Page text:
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  • The Queer Olympix give an opportunity to people to be themselves freely, to express their gender identity or sexual orientation without fear. Last year, before the main event, people went to the beach, where the police followed them but did not intervene.

  • The Queer Olympix were created by an amateur LGBTQ soccer team. Their goal is to offer a safe space for LGBTQ people to practice a sport.

  • While the team was finalizing preparations, police came and banned the event in order to “protect public order and morality”. After getting 5 minutes to leave the premises, everyone met up at a café to process what had happened and decide on a course of action.

  • Nightlife, and it's almost universal, is a key part of the queer experience.

  • Seçil loved playing soccer as a kid but had to stop once puberty hit. She wants to be visible so little girls can keep playing.

  • Meriç shaving their own head, in their dorm room, in Oslo. Meriç went to Oslo to work on their PhD on queer nightlife, but they find the activism boring in Norway, too complacent.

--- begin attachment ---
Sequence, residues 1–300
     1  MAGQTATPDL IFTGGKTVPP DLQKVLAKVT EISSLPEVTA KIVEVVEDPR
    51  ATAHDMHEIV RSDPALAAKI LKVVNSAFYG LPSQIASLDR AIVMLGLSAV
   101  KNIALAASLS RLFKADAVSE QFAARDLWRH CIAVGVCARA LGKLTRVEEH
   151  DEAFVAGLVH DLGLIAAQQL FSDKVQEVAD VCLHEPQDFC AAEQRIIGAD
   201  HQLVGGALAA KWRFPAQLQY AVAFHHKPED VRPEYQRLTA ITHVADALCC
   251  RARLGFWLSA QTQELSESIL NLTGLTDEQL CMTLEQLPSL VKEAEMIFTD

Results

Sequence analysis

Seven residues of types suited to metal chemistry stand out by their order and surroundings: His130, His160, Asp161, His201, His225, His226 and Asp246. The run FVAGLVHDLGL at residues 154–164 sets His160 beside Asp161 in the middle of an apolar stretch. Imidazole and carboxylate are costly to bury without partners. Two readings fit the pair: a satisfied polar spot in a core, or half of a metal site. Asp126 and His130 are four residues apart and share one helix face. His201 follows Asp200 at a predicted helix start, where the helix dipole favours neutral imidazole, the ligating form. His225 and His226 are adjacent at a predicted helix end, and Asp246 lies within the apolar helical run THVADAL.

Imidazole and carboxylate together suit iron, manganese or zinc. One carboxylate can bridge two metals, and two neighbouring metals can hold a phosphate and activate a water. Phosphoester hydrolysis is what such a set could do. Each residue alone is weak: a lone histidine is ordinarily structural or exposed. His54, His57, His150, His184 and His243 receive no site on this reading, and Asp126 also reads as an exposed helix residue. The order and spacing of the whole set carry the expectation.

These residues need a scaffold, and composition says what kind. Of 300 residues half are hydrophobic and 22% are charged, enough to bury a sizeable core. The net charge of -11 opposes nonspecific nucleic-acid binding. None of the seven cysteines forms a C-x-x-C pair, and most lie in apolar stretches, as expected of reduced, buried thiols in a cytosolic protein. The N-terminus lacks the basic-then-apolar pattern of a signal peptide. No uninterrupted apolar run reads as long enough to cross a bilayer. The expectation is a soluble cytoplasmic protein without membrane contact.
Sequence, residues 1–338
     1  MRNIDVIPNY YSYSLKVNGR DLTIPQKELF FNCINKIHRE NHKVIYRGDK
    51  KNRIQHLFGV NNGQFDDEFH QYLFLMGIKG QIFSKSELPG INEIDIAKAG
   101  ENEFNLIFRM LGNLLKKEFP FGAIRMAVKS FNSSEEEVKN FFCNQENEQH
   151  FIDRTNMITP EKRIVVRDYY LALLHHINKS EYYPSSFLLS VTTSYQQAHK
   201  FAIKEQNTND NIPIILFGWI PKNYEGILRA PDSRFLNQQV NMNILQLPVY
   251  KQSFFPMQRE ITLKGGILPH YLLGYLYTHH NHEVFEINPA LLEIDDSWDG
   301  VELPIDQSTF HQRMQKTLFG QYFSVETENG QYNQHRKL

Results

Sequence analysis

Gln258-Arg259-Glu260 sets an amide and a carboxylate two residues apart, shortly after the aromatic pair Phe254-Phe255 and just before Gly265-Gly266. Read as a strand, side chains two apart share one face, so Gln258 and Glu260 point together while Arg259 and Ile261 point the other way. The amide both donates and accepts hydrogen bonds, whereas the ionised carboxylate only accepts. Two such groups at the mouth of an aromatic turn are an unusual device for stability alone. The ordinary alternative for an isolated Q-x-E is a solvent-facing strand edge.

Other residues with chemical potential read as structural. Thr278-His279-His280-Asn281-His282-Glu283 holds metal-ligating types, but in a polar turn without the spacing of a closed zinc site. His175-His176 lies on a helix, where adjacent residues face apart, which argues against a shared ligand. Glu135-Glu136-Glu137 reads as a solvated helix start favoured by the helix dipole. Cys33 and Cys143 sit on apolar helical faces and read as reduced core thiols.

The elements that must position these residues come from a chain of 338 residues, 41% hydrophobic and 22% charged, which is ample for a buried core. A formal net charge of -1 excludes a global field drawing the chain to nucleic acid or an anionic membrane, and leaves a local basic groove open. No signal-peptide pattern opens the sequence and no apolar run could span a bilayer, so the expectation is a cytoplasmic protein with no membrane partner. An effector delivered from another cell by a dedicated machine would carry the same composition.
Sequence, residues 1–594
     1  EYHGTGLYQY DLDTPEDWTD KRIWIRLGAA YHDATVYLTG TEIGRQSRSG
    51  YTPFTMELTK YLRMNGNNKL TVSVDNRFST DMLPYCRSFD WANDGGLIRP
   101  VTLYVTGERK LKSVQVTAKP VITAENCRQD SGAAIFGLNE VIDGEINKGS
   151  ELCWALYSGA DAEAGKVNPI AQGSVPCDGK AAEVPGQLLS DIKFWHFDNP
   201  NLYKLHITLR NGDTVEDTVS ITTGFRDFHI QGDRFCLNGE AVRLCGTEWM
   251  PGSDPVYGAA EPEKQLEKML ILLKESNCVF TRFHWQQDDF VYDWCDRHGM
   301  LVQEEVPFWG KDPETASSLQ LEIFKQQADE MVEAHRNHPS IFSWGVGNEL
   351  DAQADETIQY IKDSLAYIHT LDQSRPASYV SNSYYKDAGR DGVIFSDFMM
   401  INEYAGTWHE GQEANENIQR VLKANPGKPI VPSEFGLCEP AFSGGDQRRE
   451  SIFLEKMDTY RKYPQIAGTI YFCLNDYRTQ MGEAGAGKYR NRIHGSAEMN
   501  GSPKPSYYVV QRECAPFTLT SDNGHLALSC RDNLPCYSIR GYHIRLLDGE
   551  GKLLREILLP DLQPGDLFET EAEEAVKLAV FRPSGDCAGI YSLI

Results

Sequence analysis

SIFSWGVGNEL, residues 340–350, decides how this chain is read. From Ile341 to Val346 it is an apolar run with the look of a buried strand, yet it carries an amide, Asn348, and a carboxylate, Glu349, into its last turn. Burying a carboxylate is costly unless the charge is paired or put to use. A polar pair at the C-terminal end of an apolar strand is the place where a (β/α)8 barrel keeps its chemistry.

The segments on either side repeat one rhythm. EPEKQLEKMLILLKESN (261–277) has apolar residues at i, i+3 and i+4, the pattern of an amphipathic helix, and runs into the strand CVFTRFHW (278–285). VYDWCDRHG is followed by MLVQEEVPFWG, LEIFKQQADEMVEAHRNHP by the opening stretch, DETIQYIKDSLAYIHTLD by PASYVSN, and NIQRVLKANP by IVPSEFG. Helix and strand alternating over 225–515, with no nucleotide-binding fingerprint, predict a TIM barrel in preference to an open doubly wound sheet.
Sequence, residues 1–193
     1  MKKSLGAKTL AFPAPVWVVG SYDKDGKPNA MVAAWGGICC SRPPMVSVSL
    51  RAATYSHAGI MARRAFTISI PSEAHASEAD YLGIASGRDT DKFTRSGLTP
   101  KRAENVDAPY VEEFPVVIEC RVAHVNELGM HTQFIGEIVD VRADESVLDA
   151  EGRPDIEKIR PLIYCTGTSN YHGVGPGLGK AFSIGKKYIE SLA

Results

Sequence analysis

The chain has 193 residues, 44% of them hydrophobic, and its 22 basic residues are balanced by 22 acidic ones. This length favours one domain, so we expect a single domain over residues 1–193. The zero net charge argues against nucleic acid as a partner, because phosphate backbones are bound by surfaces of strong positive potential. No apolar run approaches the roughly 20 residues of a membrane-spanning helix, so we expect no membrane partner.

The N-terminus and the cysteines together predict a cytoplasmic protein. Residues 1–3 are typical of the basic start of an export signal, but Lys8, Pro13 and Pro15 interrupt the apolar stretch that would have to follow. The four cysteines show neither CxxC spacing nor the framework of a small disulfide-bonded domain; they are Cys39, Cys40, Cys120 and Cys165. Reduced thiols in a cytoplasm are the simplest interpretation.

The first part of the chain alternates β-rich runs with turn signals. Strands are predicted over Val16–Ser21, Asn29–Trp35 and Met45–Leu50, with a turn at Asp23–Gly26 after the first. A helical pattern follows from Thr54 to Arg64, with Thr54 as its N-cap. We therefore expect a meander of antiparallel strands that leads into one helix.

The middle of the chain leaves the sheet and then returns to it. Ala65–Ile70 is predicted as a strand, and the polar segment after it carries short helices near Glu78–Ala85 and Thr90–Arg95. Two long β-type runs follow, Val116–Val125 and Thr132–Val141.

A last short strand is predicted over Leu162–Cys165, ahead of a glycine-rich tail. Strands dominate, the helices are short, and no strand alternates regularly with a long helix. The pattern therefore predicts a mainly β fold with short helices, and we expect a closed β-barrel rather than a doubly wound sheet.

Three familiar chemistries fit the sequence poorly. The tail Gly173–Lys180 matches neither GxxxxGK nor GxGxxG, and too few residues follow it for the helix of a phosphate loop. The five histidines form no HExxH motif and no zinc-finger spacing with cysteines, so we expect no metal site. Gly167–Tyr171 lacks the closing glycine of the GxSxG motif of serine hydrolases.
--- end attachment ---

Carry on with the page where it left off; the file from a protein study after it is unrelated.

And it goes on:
• Taksim Square, in the heart of Istanbul, where the Gezi protests took place in 2013. The police never leaves.

  • Meriç gets up early for the gym. It is important to them to work out and get a body more in line with their gender identity – trans & nonbinary .

  • Derya is a civil engineer, she went to Dresden for her Master’s degree and hasn’t been back. She has trouble finding her place in Germany but going back isn’t an option for her.

  • Elif’s first tattoo: the pink and black triangles that the Nazis tattooed on their LGBTQ victims. Elif chose the symbol to reclaim it, like others reclaim the terms slut or fag.

  • Even though it’s not the same as back home, Derya has found a queer soccer team in Dresden, where she has been living for 2 years.

  • Members of a queer soccer team from Mersin (close to the Syrian border), show me images of a Pride march from a few years ago – pride events are banned, supposedly for the safety of the participants…

  • Prayer time at a mosque in an Arab neighborhood of Istanbul.

  • After an intense day of brainstorming and organizing, everyone gets to relax and dance with dinner and raki, an anise-based Turkish liquor, everyone free to be themselves – behind closed doors.

  • Since Erdogan has been president he has been building mosque after mosque, as part of a general movement to put religion back at the center.

  • Screengrab from the video part of the project. Busra tells me about the state of LGBTQ rights in Turkey.

  • A. has fled Palestine for Turkey, where he can be openly gay and somewhat at peace.

  • For N., as a trans woman life isn't necessarily life and breezy in Istanbul but at least she doesn't have to dress up as a man in order to survive.

  • Excerpt of one of my conversations with A.